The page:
Obesity was a predictor of FPG in both genders. When we dichotomized response to OGTT as in ADA defined glucose metabolism, the inverse association of height quartiles and diabetes, IGT, and IFG remained but was not statistically significant. This was due to lack of statistical power to adequately analyze the association. However, when FPG, 2-hPG or FPG-2hPG increase were treated as continuous variables the association became more clear and significant.

The mechanisms whereby height is inversely associated with 2hPG in men and women are not clear. Sicree et al. suggested that height may be influencing 2hPG but not FPG because "taller individuals (mostly men) have more muscle mass. Muscle is the major tissue involved in uptake/metabolism of glucose, against the fixed glucose load of 75 g" [14]. Another possible explanation for these findings suggested by Sicree et al. is that the dilution effect of total body water may also contribute [14]. Therefore, larger metabolic studies are warranted to assess the contribution made by these factors.

Other studies suggested that the observed gender differences in the glucose metabolism may be mediated by female sex hormones [29]. Estrogen may be influencing fasting glucose levels by impacting insulin sensitivity. However, as there was no measure of sex hormones in IDPS, we cannot evaluate whether the gender differences in the glucose metabolism was mediated by reduced female sex hormones, or due to height differences between men and women, or both.

The role of genetic factors in the height/glucose metabolism relationship has not yet been studied even in twins, which are often advocated for testing a genetic influence. In accordance with the AusDiab findings, our results would be compatible with the hypothesis of higher 2hPG in women was a result of their smaller body size in relation to the fixed glucose load of the OGTT.

It is noteworthy, that in the present analysis, an association of FPG, 2hPG and FPG-2hPG increase with obesity was found both in men and women. Obesity is associated with glucose intolerance in the general population. However, our findings confirm this association in this population of FDR of people with type 2 diabetes. These observations have important implications for the pathogenesis of abnormal glucose metabolism. We have explored further the gender differences, as they may have important implications both for the understanding of the pathogenesis of abnormal glucose metabolism and for the methods of screening men and women for this condition. The implications for screening abnormal glucose metabolism are highly pertinent.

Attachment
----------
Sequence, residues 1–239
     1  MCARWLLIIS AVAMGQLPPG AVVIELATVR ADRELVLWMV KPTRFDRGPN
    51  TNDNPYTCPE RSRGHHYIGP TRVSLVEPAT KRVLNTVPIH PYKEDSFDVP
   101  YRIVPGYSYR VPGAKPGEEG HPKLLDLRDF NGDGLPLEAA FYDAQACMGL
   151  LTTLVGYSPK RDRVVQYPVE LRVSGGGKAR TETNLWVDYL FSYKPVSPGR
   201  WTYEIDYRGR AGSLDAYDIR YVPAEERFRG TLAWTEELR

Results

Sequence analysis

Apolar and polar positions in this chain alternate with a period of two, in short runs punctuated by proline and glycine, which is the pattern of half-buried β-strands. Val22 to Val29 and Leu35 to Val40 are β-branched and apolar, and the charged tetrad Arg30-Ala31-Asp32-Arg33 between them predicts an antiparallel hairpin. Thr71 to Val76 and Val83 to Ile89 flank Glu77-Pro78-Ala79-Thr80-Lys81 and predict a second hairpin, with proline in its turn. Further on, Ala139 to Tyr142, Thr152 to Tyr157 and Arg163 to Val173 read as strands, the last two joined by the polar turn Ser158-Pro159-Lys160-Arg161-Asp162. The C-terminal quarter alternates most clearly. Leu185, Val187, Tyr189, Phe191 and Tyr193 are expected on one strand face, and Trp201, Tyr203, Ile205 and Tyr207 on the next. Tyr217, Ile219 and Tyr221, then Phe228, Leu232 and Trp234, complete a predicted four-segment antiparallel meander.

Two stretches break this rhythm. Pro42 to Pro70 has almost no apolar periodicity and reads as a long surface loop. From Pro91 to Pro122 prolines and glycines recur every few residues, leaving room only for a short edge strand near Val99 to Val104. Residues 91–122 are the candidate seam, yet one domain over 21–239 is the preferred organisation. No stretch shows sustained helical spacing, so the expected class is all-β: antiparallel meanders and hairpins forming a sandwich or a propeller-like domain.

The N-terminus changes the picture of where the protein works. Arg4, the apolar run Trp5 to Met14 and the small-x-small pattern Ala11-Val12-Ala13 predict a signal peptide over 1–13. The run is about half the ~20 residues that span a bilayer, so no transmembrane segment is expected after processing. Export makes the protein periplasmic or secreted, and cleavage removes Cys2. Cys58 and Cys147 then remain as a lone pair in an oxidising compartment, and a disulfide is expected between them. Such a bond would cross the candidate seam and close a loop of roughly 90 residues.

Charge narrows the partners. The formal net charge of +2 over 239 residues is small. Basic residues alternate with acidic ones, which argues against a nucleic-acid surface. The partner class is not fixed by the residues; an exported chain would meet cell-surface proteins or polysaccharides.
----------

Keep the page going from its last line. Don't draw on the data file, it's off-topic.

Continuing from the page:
Our study has strengths and limitations. The strengths include the sample consisting of both men and women of a wide age range, diagnosis of diabetes based on standard OGTT, and information on potential determinants of glucose intolerance. Selection and information bias is considered unlikely by virtue of the prospective design. Our study was addressed to individuals at increased risk of developing type 2 diabetes, because they had FDR with the disease. This group of individuals will increase with time as the prevalence of diabetes is expected to increase worldwide [30]. In our cohort, which was recruited between 2003 and 2005, we found a very high prevalence of previously undiagnosed diabetes (10.3%) and IGT (19.3%). The proportions were significantly higher than those reported for the general Iranian population (type 2 diabetes, 6.0% and IGT 9.6 [31]). However, in this at-risk group, we observed that the gender differences in IFG and IGT were similar to those previously reported for other groups [1-5]. Thus, we believe our findings are also applicable to the general population when considering the role of height on glucose tolerance.

In conclusion, these data provides further evidence that the women had higher 2hPG and FPG-2hPG increase, and a lower FPG level than men. The higher 2hPG and FPG-2hPG increase, associated with lesser height may be explained by these gender differences. These findings may prove useful to assess OGTT across populations and may represent a more severe metabolic disturbance in a tall person than a shorter one. Adjusting the results according to body size may improve OGTT. Further studies are needed to better understand the role of height on gender differences in glucose metabolism.

Acknowledgments: We are grateful to Mr. Majid Abyar for computer technical assistance. This study could not have been conducted without the contribution of the FDR of patients with type 2 diabetes who consented to participate.